Maya and I spent the rest of the night slopping up water, finding new puddles of gray liquid, trying to salvage some of my books and relegating others to the trash. We slept for a couple of hours, then woke up to plod ahead into the mess. We learned to live with the sound of industrial fans and humidifiers, each the size of R2-D2 and as loud as a Boeing.
Throughout this ordeal, I have tried to document sights and sounds with my camera: the mess of cords and wires unplugged from the computer; firefighter jackets piled in my bathroom sink; my Border Collie, Rocket, thrilled to be sloshing around the apartment with the firefighters; the culprit sprinkler. And more, as you’ll see in my video and photo slideshow above.
More than a week later, the mess is still being cleared. My apartment has brand new floors, a patched ceiling, empty bookshelves and bare walls where art work had been. Certainly, Julia Child would have something to say – a lesson or an example or a moral. But what have I learned?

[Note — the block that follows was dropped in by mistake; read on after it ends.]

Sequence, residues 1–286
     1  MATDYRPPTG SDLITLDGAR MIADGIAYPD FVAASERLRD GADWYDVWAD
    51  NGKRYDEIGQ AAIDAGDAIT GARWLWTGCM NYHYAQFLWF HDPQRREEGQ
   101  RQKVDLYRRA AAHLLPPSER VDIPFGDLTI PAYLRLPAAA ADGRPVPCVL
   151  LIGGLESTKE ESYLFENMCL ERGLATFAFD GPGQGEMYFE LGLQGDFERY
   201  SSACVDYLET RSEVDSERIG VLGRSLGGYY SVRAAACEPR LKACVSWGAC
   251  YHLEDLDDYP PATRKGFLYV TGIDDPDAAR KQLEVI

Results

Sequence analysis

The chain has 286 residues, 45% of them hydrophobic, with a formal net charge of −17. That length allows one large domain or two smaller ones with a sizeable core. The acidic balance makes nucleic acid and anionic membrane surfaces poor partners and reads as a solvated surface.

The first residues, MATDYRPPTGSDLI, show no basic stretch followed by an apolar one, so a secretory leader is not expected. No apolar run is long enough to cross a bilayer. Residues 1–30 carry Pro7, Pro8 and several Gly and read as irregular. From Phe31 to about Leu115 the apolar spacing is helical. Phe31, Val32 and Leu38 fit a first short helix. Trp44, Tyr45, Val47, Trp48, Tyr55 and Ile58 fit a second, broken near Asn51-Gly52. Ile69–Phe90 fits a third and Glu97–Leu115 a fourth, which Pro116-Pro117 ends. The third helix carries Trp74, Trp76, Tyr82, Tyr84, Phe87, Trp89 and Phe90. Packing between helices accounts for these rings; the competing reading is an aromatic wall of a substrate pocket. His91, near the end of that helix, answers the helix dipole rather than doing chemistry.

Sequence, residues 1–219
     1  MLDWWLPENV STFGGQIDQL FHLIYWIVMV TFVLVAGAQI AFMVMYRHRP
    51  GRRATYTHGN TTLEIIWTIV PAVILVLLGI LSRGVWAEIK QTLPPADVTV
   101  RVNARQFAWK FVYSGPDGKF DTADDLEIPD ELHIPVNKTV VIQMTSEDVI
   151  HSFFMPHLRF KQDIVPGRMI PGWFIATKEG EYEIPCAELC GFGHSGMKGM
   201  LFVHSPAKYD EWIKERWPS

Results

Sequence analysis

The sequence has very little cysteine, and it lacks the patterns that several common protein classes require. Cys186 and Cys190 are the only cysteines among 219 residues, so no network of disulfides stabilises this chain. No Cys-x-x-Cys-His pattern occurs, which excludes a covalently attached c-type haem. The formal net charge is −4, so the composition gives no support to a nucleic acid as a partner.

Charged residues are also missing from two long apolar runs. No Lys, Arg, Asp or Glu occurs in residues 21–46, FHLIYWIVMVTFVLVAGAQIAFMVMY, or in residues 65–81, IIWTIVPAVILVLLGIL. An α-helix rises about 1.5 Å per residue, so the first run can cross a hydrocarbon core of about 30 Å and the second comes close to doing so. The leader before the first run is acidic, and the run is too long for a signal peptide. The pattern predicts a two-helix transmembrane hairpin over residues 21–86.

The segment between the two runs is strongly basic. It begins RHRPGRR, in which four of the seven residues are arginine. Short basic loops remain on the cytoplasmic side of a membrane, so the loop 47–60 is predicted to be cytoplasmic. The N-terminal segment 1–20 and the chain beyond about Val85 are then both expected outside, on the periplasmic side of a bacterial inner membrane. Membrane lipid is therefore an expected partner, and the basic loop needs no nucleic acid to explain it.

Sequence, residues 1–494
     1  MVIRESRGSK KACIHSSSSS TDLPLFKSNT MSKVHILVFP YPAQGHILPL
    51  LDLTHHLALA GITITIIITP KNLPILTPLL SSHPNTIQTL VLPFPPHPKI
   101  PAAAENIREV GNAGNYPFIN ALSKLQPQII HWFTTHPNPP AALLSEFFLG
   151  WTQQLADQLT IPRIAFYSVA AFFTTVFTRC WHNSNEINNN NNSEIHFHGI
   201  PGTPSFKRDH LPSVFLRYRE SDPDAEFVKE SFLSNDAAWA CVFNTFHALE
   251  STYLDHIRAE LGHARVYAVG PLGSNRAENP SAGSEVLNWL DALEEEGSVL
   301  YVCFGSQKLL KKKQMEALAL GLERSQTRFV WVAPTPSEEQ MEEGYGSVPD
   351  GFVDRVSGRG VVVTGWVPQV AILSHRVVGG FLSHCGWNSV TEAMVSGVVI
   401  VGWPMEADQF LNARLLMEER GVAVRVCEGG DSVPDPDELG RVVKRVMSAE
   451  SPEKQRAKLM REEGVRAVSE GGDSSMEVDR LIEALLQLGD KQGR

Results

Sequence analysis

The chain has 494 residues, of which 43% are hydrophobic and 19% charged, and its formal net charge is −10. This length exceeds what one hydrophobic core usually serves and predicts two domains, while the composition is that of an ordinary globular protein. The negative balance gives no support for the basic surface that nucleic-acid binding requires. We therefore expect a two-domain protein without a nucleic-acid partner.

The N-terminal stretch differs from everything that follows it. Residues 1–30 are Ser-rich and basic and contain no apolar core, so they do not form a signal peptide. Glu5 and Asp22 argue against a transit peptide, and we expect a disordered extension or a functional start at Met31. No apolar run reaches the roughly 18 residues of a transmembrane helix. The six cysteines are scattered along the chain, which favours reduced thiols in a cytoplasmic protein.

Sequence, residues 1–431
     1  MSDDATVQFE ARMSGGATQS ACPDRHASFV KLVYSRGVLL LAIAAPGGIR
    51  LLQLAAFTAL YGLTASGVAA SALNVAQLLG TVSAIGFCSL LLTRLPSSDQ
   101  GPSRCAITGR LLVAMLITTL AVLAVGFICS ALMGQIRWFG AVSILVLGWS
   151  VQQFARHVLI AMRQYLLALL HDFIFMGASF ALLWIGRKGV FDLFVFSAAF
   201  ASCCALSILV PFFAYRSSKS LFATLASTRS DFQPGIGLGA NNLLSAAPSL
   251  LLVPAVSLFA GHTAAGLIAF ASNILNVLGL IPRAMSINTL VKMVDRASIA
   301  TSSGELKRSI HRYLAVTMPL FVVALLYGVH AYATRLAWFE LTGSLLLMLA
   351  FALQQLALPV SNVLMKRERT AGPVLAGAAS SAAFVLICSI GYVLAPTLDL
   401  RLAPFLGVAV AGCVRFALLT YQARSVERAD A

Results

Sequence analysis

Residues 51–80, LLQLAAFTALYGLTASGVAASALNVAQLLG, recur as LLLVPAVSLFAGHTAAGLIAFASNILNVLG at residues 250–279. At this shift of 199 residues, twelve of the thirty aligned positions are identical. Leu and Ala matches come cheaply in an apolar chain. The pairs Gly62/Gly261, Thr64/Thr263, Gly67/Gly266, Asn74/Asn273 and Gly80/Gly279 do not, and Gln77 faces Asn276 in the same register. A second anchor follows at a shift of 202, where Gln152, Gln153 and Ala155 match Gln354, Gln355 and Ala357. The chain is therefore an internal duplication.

Mostly, I have questions. Why did a pan of cooking oil burst into flames? How did my electric stove get that hot? Why couldn’t the sprinkler be disabled? What caused the alarm to sound for three hours? I also wonder how many cooks are equipped to deal with a flare up in the kitchen. Only one thing’s for sure. When it comes to learning how to handle a kitchen fire, I truly got my feet wet.
A NOTE FROM MAYA
Maya, my mom, wrote to our neighbors about the incident. Here’s what she said.
October 29, 2011
This note is about the “fire alarm incident” from last week, in the late hours of Tuesday, October 19, and into Wednesday. I was the one who triggered the alarm and sprinkler (along with my daughter, Daina) and I want to explain what happened. I totally realize how miserable it was to be turned out of your apartments at midnight and then to listen to the earsplitting alarm blaring for three hours. I know that many of you believed there was an actual fire and that must have freaked you out as well. I learned that there was extensive water damage in the building and in some of your apartments. For sure, there was major water damage in our apartment and we’re still trying to recover. Daina and I are so sorry to be the guilty ones behind this disaster.
Here’s my best try to explain what happened.